Rash Identity Theft Sweeps Small Kentucky Town

Dozens of individuals from Winchester, a small Kentucky town east of Lexington have been targeted by hackers, according to a report earlier this week in the Lexington Herald-Leader. The newspaper claims between 50 and 100 diners at Puerta Grande, a small Mexican restaurant, were hit with bank fraud at some point in the last two weeks.

Dozens of individuals from Winchester, a small Kentucky town east of Lexington have been targeted by hackers, according to a report earlier this week in the Lexington Herald-Leader. The newspaper claims between 50 and 100 diners at Puerta Grande, a small Mexican restaurant, were hit with bank fraud at some point in the last two weeks.

Local police started receiving calls from banks and individuals regarding the fraudulent charges early last week, but it’s unclear how or when exactly the scam began. Between 12 and 15 banks were hit by the fraud, including one that reportedly lost $30,000.

“It was way too much for an individual person to be at fault here,” according to Winchester Police Detective Dennis Briscoe, who was sourced in the Herald-Leader piece.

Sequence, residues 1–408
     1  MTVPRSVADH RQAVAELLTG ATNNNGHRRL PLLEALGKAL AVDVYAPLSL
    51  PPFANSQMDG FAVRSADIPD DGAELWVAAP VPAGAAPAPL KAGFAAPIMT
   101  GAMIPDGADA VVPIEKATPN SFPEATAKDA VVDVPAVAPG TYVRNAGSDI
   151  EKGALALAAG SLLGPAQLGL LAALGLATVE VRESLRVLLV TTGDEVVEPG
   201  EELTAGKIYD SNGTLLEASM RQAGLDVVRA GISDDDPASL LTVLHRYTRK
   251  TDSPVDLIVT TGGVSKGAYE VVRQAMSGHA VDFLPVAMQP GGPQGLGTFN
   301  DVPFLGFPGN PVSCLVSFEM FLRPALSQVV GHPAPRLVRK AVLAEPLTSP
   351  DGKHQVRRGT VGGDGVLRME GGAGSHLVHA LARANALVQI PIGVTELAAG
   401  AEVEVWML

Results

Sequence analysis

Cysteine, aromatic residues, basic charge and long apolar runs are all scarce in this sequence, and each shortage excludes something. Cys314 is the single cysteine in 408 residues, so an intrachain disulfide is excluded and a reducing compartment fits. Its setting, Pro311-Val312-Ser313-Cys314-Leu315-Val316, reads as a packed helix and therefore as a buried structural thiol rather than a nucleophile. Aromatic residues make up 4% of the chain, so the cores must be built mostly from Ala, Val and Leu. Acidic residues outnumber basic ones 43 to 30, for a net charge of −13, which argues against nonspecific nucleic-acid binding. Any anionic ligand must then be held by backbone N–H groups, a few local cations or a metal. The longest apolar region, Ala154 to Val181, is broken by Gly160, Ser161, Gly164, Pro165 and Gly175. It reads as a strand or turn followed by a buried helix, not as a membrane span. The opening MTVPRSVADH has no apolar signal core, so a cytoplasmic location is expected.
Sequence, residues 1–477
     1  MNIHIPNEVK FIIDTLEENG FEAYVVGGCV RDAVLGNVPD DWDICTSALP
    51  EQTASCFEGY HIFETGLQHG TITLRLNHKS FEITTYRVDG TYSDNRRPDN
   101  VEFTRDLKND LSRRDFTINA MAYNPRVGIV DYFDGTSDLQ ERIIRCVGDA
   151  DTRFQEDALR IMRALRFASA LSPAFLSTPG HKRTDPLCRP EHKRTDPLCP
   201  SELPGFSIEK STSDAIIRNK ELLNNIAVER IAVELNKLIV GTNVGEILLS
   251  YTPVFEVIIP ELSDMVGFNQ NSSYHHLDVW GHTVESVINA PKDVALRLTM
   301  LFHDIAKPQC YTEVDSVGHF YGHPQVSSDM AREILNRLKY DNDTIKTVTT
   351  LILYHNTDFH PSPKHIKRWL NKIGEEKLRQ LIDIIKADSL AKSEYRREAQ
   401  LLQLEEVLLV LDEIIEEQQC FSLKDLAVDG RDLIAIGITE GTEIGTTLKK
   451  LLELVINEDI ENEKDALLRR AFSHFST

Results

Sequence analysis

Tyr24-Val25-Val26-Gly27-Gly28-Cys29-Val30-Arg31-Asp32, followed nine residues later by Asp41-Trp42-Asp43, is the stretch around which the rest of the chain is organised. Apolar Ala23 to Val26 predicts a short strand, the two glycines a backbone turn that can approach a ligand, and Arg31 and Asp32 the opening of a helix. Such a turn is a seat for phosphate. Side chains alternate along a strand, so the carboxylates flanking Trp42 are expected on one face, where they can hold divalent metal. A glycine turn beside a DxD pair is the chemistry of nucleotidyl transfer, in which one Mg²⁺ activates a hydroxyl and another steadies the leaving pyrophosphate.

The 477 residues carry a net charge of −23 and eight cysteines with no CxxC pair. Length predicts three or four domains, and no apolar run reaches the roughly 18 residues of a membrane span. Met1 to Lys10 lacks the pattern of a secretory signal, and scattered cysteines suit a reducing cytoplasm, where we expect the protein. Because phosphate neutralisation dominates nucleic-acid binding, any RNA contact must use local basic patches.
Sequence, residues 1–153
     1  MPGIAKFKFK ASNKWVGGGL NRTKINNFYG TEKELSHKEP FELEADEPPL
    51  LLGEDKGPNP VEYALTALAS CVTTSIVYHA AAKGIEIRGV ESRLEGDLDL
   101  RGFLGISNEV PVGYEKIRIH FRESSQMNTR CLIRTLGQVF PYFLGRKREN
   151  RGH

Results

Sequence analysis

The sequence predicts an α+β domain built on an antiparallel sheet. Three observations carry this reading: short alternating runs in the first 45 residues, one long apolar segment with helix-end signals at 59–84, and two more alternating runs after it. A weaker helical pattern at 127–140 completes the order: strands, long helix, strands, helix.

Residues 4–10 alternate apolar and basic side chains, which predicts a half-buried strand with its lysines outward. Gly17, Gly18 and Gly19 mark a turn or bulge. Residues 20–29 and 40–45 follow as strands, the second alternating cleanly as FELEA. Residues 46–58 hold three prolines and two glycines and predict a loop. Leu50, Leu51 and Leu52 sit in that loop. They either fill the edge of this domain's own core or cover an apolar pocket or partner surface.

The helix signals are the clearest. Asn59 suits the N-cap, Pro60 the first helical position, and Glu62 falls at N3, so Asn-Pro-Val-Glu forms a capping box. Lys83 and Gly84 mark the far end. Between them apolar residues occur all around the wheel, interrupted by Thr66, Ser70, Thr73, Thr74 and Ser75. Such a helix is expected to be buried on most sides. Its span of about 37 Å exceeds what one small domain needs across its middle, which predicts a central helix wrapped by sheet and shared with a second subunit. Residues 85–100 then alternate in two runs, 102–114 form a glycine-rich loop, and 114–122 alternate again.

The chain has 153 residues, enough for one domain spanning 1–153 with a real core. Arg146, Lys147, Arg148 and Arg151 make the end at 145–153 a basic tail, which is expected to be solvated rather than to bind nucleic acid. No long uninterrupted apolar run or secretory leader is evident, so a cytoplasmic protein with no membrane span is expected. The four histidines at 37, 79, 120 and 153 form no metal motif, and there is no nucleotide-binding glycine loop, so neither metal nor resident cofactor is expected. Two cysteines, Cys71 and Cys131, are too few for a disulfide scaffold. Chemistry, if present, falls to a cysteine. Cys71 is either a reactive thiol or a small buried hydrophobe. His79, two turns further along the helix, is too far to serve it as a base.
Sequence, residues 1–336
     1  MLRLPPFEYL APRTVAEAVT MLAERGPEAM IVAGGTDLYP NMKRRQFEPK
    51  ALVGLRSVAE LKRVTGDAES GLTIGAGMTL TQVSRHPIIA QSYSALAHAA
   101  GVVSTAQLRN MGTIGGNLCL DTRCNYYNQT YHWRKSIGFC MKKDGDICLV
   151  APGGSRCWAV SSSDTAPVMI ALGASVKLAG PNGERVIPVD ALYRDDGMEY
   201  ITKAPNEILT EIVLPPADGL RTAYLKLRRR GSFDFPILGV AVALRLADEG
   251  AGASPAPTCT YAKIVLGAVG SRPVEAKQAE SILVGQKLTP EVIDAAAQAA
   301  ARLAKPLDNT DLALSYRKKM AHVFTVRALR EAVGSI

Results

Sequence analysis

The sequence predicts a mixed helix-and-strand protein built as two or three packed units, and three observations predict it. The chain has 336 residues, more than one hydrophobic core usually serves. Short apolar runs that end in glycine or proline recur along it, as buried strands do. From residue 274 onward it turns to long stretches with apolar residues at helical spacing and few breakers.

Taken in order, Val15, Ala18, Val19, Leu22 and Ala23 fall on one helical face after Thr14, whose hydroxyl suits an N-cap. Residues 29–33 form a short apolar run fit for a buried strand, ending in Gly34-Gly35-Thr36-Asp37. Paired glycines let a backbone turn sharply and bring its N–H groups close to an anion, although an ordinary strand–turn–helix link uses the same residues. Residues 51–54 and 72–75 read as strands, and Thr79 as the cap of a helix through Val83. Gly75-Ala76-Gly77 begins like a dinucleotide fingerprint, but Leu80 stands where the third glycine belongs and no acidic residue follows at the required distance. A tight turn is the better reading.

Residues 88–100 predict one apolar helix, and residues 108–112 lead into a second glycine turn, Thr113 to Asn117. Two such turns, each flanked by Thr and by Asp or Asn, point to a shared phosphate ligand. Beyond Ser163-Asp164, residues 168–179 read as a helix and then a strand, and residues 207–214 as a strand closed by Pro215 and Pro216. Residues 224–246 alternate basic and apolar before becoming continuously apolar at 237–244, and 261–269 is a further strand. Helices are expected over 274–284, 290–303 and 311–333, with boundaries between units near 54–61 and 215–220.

A number of victims discovered their credit and debit cards had been used to make purchases in North Carolina, Florida, Pennsylvania and as far away as Singapore, Australia, Brazil and the Dominican Republic, according to various reports.

The Winchester Sun, the town’s local newspaper claims Puerta Grande has done away with their old credit card scanning system and replaced it with a new system complete with better encryption, following the hack.

According to an another blog post yesterday from Avivah Litan of Gartner, the scam has even affected the local police force. A quarter of Winchester officers “have had unauthorized charges on their credit cards as a result of this incident,” according to the post.

A study last year found that 75 percent of banking fraud was affecting individuals online. Yet while bank fraud has long affected online consumers and bankers alike, attackers thinking small, catering to small businesses and targeting the unsuspected have succeeded greatly.

We learned yesterday that targeted attacks against small businesses have increased this year. In 2012, 36 percent of targeted attacks were aimed at businesses consisting of 250 or less employees, up 18 percent from last year.

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